By Jef With One F
By Chris Lane
By Olivia Flores Alvarez
By Angelica Leicht
By Jef Rouner
By Jef With One F
By Jef With One F
By Marco Torres
Any survivor of the '70s will remember ABBA's danceable disco hits: "S.O.S.," "The Winner Takes It All," the annoyingly upbeat "Dancing Queen"...If you've got one of those tunes in your head now, dig out your silver boots and flounce on over to the Hobby Center. The Broadway tour of Mamma Mia!, directed by Phyllida Lloyd and choreographed by Anthony Van Laast, is bringing down the house with good old-fashioned pop- concert enthusiasm woven into a sugary sitcom about love, family and, most of all, the music of ABBA.
Writer Catherine Johnson has stitched a fluffy narrative around 22 ABBA tunes, and the results are remarkably seamless. Of course, it doesn't hurt that one of the central characters used to be the lead singer for a small-time all-girl '70s trio. Nowadays, though, Donna (Monique Lund) is an overworked, though still sexy, single mom who owns and runs a small hotel on a tiny Greek island. Daughter Sophie (Kristie Marsden), who's getting married, discovers her mother's diary and learns that her father, whom she's never met, could be any one of three men. (Before you go getting your safe-sex knickers in a twist, just remember that Donna came of age in the swinging '70s.) Sophie wants to know her dad, so she secretly invites all three of her mother's ex-lovers to the island for her wedding. That they all come, no questions asked, is the sort of stretch of imagination you have to accept to enjoy this kind of show.
One of the best things anyone could say about Mamma Mia! is that it doesn't take itself too seriously. In these days of overproduced musicals asking us to accept dancing teacups and singing lion cubs as meaningful characters, it's hard to resist any production so willing to poke fun at itself. One number features a chorus of buff boys dressed in scuba skivvies and flippers who flop their way through hysterical dance steps. Another has Donna and her gal pals Tanya (Ellen Harvey) and Rosie (Lauren Mufson) remembering the old days while they sing into their hairbrushes. The story bops along like a sitcom accompanied by really great pop tunes.
And the performances don't hurt the production's appeal. Marsden's enormous voice blasts out tunes like "Dancing Queen" with a joy that can bring an audience to its feet. And she turns "Slipping Through My Fingers," about children growing up too fast, into a plaintive cry of loss and love. Harvey and Mufson make naughty sidekicks who fill the show with raunchy jokes that keep the grown-ups happy but fly right over the kids' heads. Marsden's young Sophie is a powerhouse of energy who attacks her dance numbers with wild abandon. Her voice is capable except when she's reaching for high notes. The men in the cast provide fine backup, but the women clearly dominate.
Even the most cynical too-cool-for-ABBA naysayer will grin at the generous spirit of this show. But don't go looking for deep truths; Mamma Mia! is simply a vehicle for some of the most commercial pop music ever made. The opening-night audience stuck around for a three-song curtain call. They swayed back and forth to the beat, raised their hands in the air and sang along to the music, lingering as long as they could in the recaptured days of the dancing queen.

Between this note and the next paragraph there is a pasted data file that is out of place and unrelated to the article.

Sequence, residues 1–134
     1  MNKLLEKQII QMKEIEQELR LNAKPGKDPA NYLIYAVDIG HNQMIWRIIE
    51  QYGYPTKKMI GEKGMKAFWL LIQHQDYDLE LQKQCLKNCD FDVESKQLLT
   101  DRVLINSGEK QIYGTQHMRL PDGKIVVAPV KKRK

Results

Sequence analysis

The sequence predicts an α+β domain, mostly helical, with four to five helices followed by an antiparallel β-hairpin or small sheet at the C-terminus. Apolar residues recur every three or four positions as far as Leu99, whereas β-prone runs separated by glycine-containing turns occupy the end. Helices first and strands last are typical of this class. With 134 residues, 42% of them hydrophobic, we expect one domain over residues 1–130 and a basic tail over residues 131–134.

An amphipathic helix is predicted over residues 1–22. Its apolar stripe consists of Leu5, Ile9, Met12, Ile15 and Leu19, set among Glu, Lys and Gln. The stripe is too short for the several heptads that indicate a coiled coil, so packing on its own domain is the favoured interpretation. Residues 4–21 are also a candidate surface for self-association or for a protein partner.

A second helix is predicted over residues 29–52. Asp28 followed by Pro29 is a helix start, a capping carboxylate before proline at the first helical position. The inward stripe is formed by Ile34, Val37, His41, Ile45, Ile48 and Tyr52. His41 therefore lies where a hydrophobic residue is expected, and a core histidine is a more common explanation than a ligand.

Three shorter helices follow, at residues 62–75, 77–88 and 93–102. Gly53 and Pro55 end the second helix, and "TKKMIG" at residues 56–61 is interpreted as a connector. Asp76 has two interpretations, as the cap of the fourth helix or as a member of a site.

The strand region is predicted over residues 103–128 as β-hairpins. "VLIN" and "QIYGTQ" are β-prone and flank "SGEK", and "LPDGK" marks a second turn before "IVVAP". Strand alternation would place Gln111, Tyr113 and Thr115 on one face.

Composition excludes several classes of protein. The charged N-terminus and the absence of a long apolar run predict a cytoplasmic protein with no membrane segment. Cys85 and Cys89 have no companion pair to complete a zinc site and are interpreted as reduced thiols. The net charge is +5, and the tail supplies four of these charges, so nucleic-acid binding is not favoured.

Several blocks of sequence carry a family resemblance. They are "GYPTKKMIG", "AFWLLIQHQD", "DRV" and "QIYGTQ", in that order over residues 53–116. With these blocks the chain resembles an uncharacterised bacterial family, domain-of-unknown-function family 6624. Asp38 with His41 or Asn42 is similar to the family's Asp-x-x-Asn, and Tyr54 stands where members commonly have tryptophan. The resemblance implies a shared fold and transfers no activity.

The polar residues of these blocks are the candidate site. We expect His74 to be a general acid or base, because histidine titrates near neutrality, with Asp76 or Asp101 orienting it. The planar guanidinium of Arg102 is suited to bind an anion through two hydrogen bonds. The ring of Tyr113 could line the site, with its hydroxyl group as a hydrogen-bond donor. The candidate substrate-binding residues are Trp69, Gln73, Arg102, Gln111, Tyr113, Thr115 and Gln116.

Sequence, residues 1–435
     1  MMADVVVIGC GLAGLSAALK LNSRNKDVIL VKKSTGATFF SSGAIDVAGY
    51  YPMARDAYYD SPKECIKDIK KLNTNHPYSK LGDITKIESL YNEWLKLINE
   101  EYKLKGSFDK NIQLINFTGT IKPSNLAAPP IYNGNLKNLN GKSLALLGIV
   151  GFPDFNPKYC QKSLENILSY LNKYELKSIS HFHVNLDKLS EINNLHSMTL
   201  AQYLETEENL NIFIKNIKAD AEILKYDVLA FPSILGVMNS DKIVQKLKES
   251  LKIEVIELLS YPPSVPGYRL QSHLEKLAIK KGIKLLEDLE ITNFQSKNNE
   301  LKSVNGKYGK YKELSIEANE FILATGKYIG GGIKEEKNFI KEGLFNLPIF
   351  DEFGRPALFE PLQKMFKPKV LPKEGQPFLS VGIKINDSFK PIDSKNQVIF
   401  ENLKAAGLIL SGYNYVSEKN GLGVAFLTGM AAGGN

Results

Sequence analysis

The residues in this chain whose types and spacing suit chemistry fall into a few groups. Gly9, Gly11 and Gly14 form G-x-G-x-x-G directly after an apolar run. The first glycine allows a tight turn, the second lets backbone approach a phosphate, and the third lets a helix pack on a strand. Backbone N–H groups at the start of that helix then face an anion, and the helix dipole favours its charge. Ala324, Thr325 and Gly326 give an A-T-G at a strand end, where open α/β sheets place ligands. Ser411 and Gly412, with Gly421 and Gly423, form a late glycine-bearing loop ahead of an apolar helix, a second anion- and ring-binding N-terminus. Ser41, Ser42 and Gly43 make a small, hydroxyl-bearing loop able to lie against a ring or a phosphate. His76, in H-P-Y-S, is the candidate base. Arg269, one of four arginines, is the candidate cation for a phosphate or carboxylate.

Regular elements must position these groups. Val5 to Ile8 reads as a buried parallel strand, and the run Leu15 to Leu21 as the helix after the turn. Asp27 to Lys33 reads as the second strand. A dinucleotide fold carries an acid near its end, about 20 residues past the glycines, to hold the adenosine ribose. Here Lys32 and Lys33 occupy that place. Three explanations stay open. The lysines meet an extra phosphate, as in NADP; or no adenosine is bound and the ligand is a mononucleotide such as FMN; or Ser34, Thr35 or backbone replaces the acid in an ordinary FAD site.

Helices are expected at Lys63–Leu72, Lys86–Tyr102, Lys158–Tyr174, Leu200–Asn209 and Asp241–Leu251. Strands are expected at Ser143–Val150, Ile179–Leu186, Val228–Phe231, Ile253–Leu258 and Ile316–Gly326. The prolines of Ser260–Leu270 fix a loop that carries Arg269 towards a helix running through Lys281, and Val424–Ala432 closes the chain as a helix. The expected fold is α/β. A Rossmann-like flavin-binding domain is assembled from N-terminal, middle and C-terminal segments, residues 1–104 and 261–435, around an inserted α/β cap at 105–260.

Horton Foote's most famous play, The Trip to Bountiful, celebrates its 50th anniversary at the Alley Theatre with a tender new production directed by Michael Wilson. The story of stoic heartache begins with Jeff Cowie's set, a stripped-down, Southern world of reduced circumstances where Mrs. Carrie Watts lives with her ineffectual son and hateful daughter-in-law. Their beds are spread in faded chenille. The handful of treasures they own are held in modest dressers pushed back against thin walls.
Carrie (Dee Maaske) longs to escape this sorry state of affairs with a trip back to Bountiful, the farm town she left some 20 years ago. The modest story follows her as she slips out from under the watchful gaze of her greedy daughter-in-law, embarks on a nighttime bus ride through small towns, meets a few ordinary folk and arrives at a place full of regret and longing and fantastic beauty. The central power of Foote's writing is in the simplicity of this tale, the ordinariness of the central character's desire. Carrie Watts wants what most of us want: some control over her own small destiny. That she has so much trouble getting it speaks to the core of what it means to be human.
Of course, Foote is also famous for quiet storytelling that lingers in simple moments. The opening scene involves nothing but Carrie in a rocking chair singing a hymn by an open, moonlit window. This sort of hushed reverie needs strong performers, and Maaske is mesmerizing. She finds the balance between fragile tenderness and old leathery strength that makes Carrie a woman you can admire and pity all at once.
Hallie Foote's Jessie Mae is less successful. She is certainly hateful: The feather-brained, mean-spirited daughter-in-law steals Carrie's pension check and spends her days in the beauty parlor, leaving Carrie to clean up after her. But Foote has a strange, distracted way of looking out to the audience when she speaks, and her energy wanes when she's not speaking. Even odder is the casting of Devon Abner as Ludie Watts, Carrie's hopeless son. While his character is supposed to be browbeaten, it seems a mistake to have him speak always in a flat monotone, as though he suffered from some sort of head trauma rather than a broken heart.
Happily, the story focuses on Carrie, and Maaske's rich performance is a fine tribute to one of America's most important writers.
Through April 27 at the Hobby Center, 800 Bagby, 713-629-3700. $37.25-$77.25.
The Trip to Bountiful
Through May 10 at the Alley Theatre, 615 Texas Avenue, 713-228-9341. $35-$50.